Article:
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Strawbs - Grave New World CD (album) cover




Prog Folk

4.16 | 356 ratings

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Prog Reviewer
4 stars It had been just during the promotion tour of their FTW album when Rick Wakeman decided to leave the band for joining Yes (which was understable considering his big talents) actually without saying any word of farewell to them (which hadn't been that nice though). As if the remaining band members wanted to supply evidence that they can do very well without (not yet by then) keyboard wizard Rick they created their most abitious (and arguably best) effort, the album here in review "Grave New World". It's a concept work reflecting the story of one man's life, from the cradle to the grave. The title is most obviously a hint to Aldous Huxley's famous novel and the fantastic cover art depicts William Blake's "Glad Day" painting. As Dave Cousins points out in the leaflet notes, Tony Visconti who had produced their live album was beginning to have an increasing influence on the band during onset of this record. Let me cite here his own words: "He was into martial arts, and encouraged me to read 'The Tibetan Book Of The Dead'. I even managed 'The Egyptian Book Of The Dead' - hence the quotes on the sleeve!" He also says there, that people were beginning to write the band off after Wakeman's demise but I think this album here had been the best prove that the Strawbs were still a great band.

The opening track "Benedictus" being written when Wakeman left the band sets the tone for the whole album with its devotional and contemplative sound. Derek "Blue" Weaver took over the empty keyboard stool and he did an excellent job here I've to say. Cousins tells a mysterious story in the leaflet notes about how he came upon the words for the lyrics. He played the solo on his electric dulcimer with a steel through a fuzz box, and there are also two guest vocalists, Trevor Lucas and Anne Collins added here. After the short acoustic interlude "Hey Little Man" which supposed to tell the story about an older man giving advice to his young son, who probably didn't listen we have "Queen Of Dreams" which is the most experimental song they've ever done I'm quite sure. They used a play back in reverse of a recording of the guitar and first verse of the song for this track which provides a quite interesting psychedelic touch. Then there is "Heavy Disguise" written by John Ford and as well performed by him with a brass section played by the Robert Kirby Silver Band giving this track a nice special note. The rather bombastic but brilliant mellotron-laden "New World" is the next one and Dave Cousins tells about its creation that it had been written after he had seen a tv report about young kids in Belfast being asked to paint pictures in their art lessons, and many of them had painted soldiers lying dead in the gutter; what else to tell about such type of inspiration? After the nice acoustic folk song "The Flower." comes the next big highlight on here with "Tomorrow" with a really great symphonic sound. Next two tracks are early songs from them of which the first one "On Growing Older" still fits quite well though sounding rather Byrds-alike (one of Cousins' big favs) whereas the pastiche to a very old English song "Ah Me, Ah My" sounds to me quite awkward and inappropriate. But the latter one is really the only redundant song of this album since the Eastern inspired "Is It Today,Lord?" with Richard Hudson on sitar and as well the final "The Journey's End" are very good tracks. The two added bonus songs on the CD reissue are admittedly weak commercial ones and rather destructive for the overall atmosphere of this excellent album.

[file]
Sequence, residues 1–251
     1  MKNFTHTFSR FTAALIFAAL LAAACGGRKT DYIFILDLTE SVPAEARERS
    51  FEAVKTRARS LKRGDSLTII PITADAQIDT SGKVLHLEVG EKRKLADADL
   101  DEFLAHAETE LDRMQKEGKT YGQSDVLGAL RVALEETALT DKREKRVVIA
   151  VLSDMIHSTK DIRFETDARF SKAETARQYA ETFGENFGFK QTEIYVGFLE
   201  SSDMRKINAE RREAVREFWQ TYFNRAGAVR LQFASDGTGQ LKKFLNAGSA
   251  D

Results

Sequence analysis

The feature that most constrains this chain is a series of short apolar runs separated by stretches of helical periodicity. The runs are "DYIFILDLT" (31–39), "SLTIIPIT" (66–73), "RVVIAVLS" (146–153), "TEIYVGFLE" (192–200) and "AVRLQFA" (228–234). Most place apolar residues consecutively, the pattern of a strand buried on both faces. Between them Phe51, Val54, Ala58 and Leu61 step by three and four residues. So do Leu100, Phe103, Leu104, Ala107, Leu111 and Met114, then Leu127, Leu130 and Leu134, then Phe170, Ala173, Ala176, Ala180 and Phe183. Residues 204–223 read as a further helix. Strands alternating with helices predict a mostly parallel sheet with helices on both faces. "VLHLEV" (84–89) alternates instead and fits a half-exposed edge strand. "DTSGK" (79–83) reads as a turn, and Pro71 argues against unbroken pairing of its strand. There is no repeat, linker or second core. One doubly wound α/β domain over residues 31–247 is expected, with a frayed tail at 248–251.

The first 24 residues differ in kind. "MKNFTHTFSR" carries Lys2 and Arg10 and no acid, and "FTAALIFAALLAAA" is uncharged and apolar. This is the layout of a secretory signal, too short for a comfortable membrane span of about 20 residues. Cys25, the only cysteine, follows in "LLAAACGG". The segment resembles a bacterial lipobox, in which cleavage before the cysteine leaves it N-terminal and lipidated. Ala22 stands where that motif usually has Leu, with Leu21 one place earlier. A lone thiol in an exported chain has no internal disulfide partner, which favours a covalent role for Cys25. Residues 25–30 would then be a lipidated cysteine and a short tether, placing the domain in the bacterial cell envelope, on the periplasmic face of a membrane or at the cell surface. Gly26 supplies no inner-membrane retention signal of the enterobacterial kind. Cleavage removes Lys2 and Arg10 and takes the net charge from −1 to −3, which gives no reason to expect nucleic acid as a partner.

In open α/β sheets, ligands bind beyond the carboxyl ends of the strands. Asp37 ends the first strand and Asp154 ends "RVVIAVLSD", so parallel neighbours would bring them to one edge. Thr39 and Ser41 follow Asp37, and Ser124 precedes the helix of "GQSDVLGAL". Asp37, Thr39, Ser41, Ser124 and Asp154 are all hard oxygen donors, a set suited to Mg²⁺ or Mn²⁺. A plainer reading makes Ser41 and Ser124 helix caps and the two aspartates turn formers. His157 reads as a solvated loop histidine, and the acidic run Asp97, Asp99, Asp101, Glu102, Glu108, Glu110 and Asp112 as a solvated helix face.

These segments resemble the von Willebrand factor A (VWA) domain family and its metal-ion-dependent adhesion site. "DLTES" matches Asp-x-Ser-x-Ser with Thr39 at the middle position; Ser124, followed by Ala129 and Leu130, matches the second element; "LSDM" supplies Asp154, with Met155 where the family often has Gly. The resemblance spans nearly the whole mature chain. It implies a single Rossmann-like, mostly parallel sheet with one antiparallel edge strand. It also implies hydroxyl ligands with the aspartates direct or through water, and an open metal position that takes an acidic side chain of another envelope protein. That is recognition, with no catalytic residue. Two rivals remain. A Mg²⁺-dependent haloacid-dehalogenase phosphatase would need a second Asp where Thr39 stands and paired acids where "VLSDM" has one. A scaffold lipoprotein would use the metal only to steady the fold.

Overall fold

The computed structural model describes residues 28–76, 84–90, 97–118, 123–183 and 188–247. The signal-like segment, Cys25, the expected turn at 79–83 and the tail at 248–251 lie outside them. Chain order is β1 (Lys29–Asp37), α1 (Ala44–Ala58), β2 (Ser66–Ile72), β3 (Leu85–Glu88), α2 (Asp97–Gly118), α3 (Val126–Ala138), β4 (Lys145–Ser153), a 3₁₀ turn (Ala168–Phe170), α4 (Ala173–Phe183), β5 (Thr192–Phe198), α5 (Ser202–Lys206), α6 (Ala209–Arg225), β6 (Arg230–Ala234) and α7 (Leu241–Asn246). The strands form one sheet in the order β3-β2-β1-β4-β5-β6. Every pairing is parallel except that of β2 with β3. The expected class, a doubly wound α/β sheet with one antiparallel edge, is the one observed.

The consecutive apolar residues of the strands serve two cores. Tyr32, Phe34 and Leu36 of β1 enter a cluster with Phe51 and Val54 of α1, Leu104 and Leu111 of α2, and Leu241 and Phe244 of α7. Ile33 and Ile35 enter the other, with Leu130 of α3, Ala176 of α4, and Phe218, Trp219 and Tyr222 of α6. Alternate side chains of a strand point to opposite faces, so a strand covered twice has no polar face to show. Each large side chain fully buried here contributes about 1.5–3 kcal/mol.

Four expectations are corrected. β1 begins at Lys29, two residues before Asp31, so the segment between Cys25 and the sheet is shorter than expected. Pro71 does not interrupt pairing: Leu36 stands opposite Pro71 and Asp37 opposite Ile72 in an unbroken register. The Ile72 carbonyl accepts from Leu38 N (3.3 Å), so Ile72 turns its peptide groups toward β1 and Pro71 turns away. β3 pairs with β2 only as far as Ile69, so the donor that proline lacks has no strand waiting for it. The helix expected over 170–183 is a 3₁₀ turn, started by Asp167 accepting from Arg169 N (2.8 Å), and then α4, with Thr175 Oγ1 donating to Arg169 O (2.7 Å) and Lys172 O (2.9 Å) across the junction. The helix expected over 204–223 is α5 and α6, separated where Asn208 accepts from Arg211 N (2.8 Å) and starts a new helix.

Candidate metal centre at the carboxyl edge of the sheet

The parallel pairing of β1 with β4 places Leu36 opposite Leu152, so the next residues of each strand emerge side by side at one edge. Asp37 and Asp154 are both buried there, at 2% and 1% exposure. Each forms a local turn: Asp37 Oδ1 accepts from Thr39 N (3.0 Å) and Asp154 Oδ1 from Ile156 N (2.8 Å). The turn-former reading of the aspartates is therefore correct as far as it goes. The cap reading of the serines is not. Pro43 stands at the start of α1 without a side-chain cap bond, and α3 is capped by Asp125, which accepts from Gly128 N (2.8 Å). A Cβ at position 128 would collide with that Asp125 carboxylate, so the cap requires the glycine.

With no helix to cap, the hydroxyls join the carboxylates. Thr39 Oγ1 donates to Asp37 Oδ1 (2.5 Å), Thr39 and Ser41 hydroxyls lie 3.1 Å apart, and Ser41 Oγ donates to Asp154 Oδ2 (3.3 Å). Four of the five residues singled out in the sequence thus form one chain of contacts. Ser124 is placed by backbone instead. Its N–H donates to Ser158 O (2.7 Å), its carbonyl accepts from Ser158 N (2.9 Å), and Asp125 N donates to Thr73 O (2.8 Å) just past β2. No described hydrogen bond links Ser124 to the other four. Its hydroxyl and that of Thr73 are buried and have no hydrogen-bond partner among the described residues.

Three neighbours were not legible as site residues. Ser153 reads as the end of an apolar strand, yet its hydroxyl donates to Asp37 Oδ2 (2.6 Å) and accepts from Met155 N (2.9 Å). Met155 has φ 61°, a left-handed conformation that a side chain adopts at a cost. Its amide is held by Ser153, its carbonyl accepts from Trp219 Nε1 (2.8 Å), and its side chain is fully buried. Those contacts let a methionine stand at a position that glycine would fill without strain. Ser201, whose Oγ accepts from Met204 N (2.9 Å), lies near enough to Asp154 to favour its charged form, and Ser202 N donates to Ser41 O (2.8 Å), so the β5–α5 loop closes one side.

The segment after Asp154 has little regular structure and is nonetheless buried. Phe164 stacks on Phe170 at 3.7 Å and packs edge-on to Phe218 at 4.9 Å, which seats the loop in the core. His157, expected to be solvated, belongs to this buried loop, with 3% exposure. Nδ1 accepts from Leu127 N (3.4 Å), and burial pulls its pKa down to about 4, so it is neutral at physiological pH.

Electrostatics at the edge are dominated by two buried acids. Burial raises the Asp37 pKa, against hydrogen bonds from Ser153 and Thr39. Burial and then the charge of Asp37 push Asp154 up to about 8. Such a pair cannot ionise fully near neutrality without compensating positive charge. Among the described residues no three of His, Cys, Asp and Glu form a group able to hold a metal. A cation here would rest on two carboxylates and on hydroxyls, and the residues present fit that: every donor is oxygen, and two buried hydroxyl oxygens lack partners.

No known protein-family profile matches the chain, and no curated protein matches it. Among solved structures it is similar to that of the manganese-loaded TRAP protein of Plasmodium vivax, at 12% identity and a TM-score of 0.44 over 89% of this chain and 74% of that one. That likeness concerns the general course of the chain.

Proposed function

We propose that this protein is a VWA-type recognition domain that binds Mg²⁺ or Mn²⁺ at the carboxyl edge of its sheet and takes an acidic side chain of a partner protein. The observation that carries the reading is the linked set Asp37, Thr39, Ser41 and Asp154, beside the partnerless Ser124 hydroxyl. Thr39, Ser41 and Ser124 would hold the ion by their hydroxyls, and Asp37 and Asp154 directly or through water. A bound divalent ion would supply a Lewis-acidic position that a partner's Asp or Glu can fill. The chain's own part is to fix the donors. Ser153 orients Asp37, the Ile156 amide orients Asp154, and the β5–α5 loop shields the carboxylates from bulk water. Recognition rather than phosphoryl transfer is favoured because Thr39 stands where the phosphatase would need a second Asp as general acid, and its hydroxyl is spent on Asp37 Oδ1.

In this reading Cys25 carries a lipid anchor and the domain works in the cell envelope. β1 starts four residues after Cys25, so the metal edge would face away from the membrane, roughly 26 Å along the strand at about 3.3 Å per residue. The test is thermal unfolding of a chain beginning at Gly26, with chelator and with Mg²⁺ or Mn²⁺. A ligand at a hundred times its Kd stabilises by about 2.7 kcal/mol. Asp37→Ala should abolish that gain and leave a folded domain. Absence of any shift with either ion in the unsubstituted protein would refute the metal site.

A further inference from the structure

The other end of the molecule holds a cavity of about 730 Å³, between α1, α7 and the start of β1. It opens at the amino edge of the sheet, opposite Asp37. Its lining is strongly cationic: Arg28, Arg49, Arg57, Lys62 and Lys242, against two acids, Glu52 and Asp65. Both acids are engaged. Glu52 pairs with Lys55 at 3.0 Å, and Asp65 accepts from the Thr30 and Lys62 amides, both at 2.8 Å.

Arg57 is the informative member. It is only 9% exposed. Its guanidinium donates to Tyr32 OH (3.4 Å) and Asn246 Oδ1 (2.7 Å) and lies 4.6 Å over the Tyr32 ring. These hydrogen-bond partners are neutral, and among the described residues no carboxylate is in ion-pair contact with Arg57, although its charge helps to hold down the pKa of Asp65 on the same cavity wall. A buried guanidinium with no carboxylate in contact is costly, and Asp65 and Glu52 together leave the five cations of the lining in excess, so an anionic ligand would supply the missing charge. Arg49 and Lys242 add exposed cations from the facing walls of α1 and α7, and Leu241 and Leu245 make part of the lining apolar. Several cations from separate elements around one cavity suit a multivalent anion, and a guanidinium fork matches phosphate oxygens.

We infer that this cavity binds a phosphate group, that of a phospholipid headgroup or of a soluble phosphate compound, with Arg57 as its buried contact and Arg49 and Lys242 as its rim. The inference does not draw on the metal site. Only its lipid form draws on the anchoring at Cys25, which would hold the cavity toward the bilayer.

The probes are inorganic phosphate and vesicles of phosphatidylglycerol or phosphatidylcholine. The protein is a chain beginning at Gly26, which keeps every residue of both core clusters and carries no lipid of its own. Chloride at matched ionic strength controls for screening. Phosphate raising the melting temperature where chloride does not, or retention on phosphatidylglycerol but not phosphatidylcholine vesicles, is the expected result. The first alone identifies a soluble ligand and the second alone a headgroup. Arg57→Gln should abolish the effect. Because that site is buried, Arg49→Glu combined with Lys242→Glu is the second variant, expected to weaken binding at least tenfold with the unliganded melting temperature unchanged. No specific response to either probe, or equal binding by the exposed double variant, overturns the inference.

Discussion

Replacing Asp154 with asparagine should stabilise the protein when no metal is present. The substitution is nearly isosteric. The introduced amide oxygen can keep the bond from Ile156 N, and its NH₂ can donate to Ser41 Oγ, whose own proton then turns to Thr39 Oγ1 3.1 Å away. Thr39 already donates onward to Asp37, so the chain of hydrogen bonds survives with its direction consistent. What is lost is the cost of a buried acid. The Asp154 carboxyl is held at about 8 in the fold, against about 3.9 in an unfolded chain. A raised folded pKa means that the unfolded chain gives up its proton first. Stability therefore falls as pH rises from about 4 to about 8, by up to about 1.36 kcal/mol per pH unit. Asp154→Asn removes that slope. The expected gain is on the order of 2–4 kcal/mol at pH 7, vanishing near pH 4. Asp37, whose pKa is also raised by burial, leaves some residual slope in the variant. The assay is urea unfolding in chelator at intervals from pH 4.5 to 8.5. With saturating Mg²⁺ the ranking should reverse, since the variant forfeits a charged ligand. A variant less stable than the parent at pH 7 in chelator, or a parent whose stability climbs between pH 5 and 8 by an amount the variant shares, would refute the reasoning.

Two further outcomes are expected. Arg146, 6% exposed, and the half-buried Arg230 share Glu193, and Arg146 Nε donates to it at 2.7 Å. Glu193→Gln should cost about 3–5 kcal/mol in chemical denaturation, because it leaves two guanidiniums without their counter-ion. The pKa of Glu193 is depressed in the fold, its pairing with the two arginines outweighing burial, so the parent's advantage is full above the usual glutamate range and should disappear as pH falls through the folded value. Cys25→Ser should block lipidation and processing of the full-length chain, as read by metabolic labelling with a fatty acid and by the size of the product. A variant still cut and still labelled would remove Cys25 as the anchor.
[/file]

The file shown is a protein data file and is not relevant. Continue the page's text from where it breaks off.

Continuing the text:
To sum up my review this had been the best work by this band in my view, at least in terms of Prog though unfortunately their last outstanding record before they turned into more a kind of AOR band. This one together with FTW I'd consider the only albums by them to be an excellent addition to any prog collection (****1/2 really)!!

hdfisch | 4/5 |


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